A look at the Raspberry Pi Sense HAT

Exploring the Raspberry Pi Sense HAT

Raspberry Pi Sense HAT board
Image credits : 

Martin O'Hanlon. CC BY-SA 4.0.

In my first article in my series, I wrote about the Astro Pi competition, an opportunity for UK school students to have their coded experiments run in space. We're getting closer and closer to the launch date of December 15, when British European Space Agency (ESA) Astronaut Tim Peake will embark on his six-month mission, Principia. He'll be conducting scientific experiments and engaging with young people in educational outreach activities. As part of this, he's taking up two Raspberry Pi computers in purpose-built flight cases, each with camera modules and sensor boards attached. These will be running Python programs written by the Astro Pi competition winners.

Courtesy of the ESA. Used with permission.

The flight case

The Raspberry Pis must be mounted using a Bogen arm on the space station, like the ones used to dock crew laptops. They also must be certified as completely safe for the Soyuz rocket, which will take it to the ISS, and then for continued use in space. The Raspberry Pi team has been working closely with the ESA and the UK Space Agency to get the flight safety certificate.

Courtesy of the Raspberry Pi Foundation. CC BY-SA 4.0.

Courtesy of the Raspberry Pi Foundation. CC BY-SA 4.0.

In addition to lots of testing, our work included building a bespoke case made of aerospace-grade aluminum designed with thermal considerations (convection doesn't occur in space) and practicality in mind, and the ability for the board's sensors to work effectively in the atmosphere. Because the case is expensive to manufacture, it won't be available to buy, but we plan to release the 3D print files from the prototype so people can make their own. One school even built a model out of Lego.

The hardware

The flight cases will each contain a Raspberry Pi, a Sense HAT, a real-time clock, and a camera module. The Sense HAT is an add-on board for the Pi created especially for the Astro Pi mission by the Foundation's engineering team. It packs an 8x8 full-color LED display; a mini joystick; a set of sensors for temperature, humidity, and pressure; an accelerometer; a gyroscope; and a magnetometer.

The Sense HAT is now available to buy, and it's bound to be used in a number of amazing projects and experiments here on Earth.You can buy from the Raspberry Pi Swag Store in the UK, from Adafruit in the US, or from any other Pi accessory retailer around the world.

Sense HAT software

The Raspberry Pi Foundation provides a Python programming interface to the Sense HAT that comes bundled with the latest Raspbian image based on Debian Jessie. The interface provides easy access to the LED display and the sensors, enabling users to build their own applications and projects around the hardware. In just a few lines you can show the current temperature sensor value on the display:

from sense_hat import SenseHat

sense = SenseHat()

temperature = sense.temperature
sense.show_message("Temperature is %d" % temperature)

A similar example takes the humidity value and displays a visualization of the humidity percentage by filling the LED grid with green pixels accordingly:

green = (0, 255, 0)
white = (255, 255, 255)

while True:

 humidity = sense.humidity 
humidity_value = 64 * humidity / 100

pixels = [green if i < humidity_value else white for i in range(64)]


When you breathe on the board, you'll see the number of green pixels grow, then slowly drop back down. This gets more interesting when you place the board inside a sealed sandwich bag and blow air into it using a straw. With some huffing and puffing, you should be able to get it to reach 100%!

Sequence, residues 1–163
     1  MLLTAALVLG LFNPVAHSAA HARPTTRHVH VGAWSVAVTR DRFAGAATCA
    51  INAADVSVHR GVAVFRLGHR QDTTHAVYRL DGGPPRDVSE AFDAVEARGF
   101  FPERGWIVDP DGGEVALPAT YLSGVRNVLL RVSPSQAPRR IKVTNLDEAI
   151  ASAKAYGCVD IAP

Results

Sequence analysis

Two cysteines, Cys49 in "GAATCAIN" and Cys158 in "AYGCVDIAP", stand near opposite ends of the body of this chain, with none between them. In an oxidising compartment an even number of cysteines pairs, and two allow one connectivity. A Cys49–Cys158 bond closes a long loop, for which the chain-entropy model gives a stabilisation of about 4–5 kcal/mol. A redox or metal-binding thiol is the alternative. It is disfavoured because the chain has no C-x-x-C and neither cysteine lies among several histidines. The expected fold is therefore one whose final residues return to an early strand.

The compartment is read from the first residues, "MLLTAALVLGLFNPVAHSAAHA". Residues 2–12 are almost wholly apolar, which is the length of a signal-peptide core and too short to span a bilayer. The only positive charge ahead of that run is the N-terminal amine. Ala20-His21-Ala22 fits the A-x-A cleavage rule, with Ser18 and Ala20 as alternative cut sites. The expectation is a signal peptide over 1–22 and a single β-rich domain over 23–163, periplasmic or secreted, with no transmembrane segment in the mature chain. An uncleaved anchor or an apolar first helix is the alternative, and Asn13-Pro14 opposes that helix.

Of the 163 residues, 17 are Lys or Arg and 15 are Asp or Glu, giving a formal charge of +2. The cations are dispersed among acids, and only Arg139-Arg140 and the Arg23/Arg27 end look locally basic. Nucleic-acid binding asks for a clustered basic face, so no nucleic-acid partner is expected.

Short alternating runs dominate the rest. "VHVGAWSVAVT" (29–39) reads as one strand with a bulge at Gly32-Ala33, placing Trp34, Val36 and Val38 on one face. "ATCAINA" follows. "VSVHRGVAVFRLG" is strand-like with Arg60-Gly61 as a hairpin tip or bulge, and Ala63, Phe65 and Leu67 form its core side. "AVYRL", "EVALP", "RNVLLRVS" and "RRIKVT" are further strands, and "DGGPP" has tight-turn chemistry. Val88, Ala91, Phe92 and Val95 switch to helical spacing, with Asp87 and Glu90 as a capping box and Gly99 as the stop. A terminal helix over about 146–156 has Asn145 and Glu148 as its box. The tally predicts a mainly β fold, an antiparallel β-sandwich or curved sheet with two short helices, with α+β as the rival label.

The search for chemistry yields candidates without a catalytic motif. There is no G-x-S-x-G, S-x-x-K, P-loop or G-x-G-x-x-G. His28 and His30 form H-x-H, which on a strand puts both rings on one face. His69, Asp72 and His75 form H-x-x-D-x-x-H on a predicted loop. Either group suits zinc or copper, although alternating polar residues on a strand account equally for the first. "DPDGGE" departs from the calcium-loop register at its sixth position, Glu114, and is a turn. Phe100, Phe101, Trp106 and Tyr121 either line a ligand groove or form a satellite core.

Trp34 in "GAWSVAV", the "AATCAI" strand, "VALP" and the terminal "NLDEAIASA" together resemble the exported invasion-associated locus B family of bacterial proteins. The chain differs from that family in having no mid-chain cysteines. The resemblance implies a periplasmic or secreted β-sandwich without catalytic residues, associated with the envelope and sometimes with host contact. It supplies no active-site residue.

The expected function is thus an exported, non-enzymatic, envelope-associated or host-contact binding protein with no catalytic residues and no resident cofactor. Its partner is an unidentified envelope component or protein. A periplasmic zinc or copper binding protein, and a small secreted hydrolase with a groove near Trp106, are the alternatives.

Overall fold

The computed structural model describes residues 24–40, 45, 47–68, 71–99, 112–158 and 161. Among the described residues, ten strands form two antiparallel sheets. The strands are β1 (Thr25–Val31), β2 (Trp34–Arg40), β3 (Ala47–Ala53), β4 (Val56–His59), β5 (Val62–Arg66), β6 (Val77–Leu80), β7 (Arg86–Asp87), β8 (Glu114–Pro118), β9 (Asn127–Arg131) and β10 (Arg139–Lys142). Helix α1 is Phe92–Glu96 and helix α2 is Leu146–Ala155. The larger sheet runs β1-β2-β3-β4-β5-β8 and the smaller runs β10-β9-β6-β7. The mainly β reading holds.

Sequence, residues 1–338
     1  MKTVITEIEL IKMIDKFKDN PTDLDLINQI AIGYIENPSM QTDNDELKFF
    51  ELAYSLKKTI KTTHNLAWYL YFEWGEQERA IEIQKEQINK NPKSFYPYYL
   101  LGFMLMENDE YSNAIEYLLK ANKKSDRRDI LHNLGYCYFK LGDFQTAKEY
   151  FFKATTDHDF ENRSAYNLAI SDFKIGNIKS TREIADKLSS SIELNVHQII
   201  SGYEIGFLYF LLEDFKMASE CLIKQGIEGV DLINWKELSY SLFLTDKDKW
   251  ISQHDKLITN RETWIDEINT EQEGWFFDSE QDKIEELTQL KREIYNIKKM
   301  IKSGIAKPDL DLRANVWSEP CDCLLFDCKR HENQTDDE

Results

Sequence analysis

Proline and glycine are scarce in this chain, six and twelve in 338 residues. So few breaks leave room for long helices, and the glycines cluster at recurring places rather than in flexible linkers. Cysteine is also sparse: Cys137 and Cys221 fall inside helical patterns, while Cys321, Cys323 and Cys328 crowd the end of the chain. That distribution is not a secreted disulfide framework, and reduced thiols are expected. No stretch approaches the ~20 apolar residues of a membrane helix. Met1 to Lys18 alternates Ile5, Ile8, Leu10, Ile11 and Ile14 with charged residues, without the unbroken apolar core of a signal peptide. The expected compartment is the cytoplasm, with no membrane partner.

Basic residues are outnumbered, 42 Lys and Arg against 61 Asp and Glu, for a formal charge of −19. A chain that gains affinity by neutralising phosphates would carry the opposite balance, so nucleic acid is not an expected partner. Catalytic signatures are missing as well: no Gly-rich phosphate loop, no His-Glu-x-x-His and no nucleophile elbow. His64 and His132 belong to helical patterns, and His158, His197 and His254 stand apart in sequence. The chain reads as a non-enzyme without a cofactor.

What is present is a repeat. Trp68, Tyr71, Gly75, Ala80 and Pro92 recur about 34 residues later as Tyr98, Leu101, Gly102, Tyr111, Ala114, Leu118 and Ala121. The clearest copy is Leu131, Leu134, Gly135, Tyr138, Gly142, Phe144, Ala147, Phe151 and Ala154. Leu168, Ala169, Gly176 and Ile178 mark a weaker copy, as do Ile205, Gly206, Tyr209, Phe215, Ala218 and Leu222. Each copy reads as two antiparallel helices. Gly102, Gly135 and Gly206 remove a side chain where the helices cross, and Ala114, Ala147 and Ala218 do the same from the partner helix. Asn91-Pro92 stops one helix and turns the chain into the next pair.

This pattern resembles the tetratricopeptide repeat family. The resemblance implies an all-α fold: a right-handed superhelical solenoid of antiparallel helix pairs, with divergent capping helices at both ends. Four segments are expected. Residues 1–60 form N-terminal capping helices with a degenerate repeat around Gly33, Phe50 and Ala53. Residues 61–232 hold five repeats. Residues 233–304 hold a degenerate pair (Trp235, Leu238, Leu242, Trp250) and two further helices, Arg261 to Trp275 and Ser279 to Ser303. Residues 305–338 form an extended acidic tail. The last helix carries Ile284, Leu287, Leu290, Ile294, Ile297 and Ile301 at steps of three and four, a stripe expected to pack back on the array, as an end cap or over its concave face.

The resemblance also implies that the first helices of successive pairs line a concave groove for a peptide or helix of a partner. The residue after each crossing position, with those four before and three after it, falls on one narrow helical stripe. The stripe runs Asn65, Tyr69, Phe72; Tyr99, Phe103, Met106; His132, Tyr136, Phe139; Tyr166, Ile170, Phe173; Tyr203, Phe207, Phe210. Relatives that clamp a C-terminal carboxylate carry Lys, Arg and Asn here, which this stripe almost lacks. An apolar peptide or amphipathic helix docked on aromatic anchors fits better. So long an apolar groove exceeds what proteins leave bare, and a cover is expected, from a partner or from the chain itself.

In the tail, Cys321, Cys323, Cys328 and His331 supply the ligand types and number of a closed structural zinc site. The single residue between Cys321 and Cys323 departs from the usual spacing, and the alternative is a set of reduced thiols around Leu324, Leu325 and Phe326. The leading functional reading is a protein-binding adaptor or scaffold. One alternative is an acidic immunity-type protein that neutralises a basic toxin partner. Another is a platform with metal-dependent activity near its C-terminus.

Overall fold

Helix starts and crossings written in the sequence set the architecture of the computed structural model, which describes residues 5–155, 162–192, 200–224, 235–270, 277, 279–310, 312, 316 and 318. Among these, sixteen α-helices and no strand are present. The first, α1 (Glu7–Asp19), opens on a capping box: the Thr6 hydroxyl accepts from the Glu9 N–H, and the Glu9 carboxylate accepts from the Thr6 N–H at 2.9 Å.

Build up your own image of color tuples in a 64-length list and pass that directly to the Sense HAT to display the image:

X = (255, 0, 0)
O = (255, 255, 255)

question_mark = [

 O, O, O, X, X, O, O, O,
O, O, X, O, O, X, O, O,
O, O, O, O, O, X, O, O,
O, O, O, O, X, O, O, O,
O, O, O, X, O, O, O, O,
O, O, O, X, O, O, O, O,
O, O, O, O, O, O, O, O,
O, O, O, X, O, O, O, O


You can provide a list of such images to animate:

animation = [image_1, image_2, image_3, image_4]

while True:

 for image in animation:

...like this video of a set of retro game characters displayed on the Sense HAT:

You can even load 8x8 pixel image files into the library:


Use PyGame to capture joystick events, which are mapped to keyboard keys:

if event.key == pygame.K_DOWN:


elif event.key == pygame.K_UP:


elif event.key == pygame.K_LEFT:


elif event.key == pygame.K_RIGHT:


elif event.key == pygame.K_RETURN:


Make your Sense HAT show jokes:

jokes = [

 "What happens to a frog's car when it breaks down? It gets toad away",
"Why was six scared of seven? Because seven eight nine",


joke = random.choice(jokes)

Or, if you're so-inclined, geeky jokes from pyjokes:

joke = pyjokes.get_joke()


Use the accelerometer to make a Magic 8 Ball:

replies = [

 "Signs point to yes",
"Without a doubt",
"Don't count on it",
"It is decidedly so",


while True:

 x, y, z = sense.accelerometer.values()

if x > 2 or y > 2 or z > 2:
reply = random.choice(replies)


Learn about the Minecraft API and how to use it to turn the Sense HAT display into a map of your Minecraft world:

Courtesy of the Raspberry Pi Foundation. CC BY-SA 4.0.

Try these examples and more:

Raspberry Pi

This article is part of Ben Nuttall's Raspberry Pi column, where he shares news and stories from the world of tiny computing.

About the author

Ben Nuttall - Ben Nuttall is the Raspberry Pi Community Manager. In addition to his work for the Raspberry Pi Foundation, he's into free software, maths, kayaking, GitHub, Adventure Time, and Futurama. Follow Ben on Twitter @ben_nuttall.